“In the Reuters article, Grobman states that “any pregnant woman who is told to restrict her activity or stay in bed should discuss with her doctor whether there is data to support that recommendation given her condition.” Fair enough, but how is she supposed to know to do that? What role can or should childbirth educators and doulas play? What might Lamaze International or other childbirth-related organizations do to spread the word? What are your thoughts?”

    I’ve pasted in the last paragraph of my post. I would still love to hear from viewers on what role childbirth educators, doulas, and organizations could appropriately play in helping women make a truly informed decision about bed rest.

  20. avatar
    Avery
    July 16th, 2013 at 11:33 | #20

    Henci – I think that as with so many aspects of pregnancy and childbirth educators and doulas can make a big impact simply by raising issues and asking questions, and by encouraging women to do the same with their healthcare providers. Although medicine has come a long way from the paternalism and ‘don’t ask any questions’ attitude of decades past, it can still take a lot of courage for women and their partners to question procedures and practices. Sad to say there are providers out there who do not appreciate educated questions. Having a doula or educator who reminds women that they should be asking questions and that it is their right to receive an explanation they can understand about recommended treatments goes a long way to opening up the dialog between providers and patients.

    On a related note, this discussion reminds me of the updated recommendations on pap smears and mammograms. Exhaustive research showed we were performing both screenings too often and catching cancers that would have gone away on their own. Harm was being done by over-screening and over-treating women who did not actually need treatment. Unfortunately, it’s difficult for a woman who believed she survived cancer thanks to a pap-smear or mammogram to accept that she didn’t need cancer treatment and would have been better off not receiving the screening. Doing so denies the intense emotional journey she’s taken as a cancer survivor. In the same way I think it’s difficult for women who were put on bed rest to believe that it didn’t alter their birth timing. Doing so makes it seem as if their suffering was for nothing and they were duped. I think it may take many years before women and their providers can emotionally come to terms with these new recommendations.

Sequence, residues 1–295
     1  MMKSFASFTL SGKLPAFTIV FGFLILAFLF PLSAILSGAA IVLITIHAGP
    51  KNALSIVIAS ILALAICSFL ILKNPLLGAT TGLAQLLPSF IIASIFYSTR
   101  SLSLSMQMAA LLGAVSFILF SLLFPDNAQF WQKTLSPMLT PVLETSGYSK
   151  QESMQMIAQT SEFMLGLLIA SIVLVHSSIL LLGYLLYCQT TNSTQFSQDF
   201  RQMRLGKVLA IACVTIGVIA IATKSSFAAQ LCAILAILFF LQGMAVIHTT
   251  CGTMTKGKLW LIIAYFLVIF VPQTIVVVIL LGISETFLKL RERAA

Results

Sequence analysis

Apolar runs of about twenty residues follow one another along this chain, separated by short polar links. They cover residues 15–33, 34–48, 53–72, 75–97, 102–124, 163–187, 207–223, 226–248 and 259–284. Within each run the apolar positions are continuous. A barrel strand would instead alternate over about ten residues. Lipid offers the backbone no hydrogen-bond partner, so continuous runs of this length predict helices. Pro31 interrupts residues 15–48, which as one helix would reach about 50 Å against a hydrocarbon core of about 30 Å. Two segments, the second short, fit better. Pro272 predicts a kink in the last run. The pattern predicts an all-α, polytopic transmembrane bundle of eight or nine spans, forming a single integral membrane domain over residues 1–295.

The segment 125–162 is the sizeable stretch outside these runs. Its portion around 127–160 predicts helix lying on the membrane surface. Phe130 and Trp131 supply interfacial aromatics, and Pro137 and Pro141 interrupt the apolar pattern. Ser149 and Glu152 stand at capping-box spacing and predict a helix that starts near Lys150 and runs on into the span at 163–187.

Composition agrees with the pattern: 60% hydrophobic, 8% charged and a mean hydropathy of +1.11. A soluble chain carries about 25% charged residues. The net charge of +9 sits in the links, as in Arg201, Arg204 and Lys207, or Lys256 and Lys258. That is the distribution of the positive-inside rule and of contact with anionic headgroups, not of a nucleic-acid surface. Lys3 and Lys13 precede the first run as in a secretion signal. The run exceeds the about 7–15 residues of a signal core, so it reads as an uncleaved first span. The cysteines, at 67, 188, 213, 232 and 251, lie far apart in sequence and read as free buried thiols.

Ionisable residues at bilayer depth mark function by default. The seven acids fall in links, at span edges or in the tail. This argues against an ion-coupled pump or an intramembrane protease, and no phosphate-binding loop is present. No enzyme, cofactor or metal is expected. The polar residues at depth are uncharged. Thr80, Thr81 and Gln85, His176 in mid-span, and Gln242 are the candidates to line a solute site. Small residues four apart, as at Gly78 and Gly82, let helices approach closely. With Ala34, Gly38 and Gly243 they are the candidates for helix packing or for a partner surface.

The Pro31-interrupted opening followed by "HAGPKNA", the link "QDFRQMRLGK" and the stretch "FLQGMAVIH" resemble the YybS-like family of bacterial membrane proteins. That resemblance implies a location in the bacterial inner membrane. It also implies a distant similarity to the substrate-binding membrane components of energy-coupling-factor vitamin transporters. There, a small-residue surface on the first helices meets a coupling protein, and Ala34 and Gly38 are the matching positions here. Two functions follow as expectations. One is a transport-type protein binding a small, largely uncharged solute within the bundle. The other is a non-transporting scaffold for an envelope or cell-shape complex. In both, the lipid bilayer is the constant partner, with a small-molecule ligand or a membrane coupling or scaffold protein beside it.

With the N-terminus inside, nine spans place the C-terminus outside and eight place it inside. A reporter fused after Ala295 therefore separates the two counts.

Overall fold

21. July 16th, 2013 at 11:43 | #21

    Thank you for your thoughtful comment.

  22. July 27th, 2013 at 07:15 | #22

    As a doula and educator, I think I can help my clients and students by encouraging questions, first and foremost. Using the traditional “BRAINED” acronym seems to go a long way in giving clients specific direction to go when asking questions.

    I also outline for my clients that there are risks to each of her choices, and she is the only one with the power to decide which set of risks she can live with long-term. I try to fill in any gaps left by her provider, and point her to evidence-based resources. I encourage open-ended questions. “So, I have read the bed rest is not only ineffective, but potentially harmful. What are your thoughts on bed rest, and when/why might you recommend it for me?” for example. As opposed to “Would you let me get out of bed if I struggle with preterm labor?”

    I appreciated the comment about a collaborative effort between a woman and her care provider about stress management, and I actually do some of that kind of work with my clients.

    I ask them how they normally cope with stress in general, and teach them some basic tools to help them. In class, I talk about the effects of stress on pregnancy and baby’s health and brain development. I emphasize strongly the importance of managing stress levels in life – not just in pregnancy. We also created a handout of open-ended questions designed for the birthing woman and her support person to evaluate themselves and spot any areas where stress management or emotional work might be needed.

    I would love to see more work and studies done on the effect of good stress management on preterm labor…

    Thanks for a great article. I appreciate the chance to learn.

  23. July 29th, 2013 at 08:30 | #23

    Thank you for this. I’m sure viewers will find it helpful. Also, I am aware of the BRAIN acronynm–Benefits, Risks, Alternatives, Intuition/Instinct, No or Not now–but what do the E and D stand for? And do you know who invented it. I’d love to credit whoever it is when I use it.

  1. July 9th, 2013 at 04:57 | #1
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  3. July 15th, 2013 at 08:23 | #3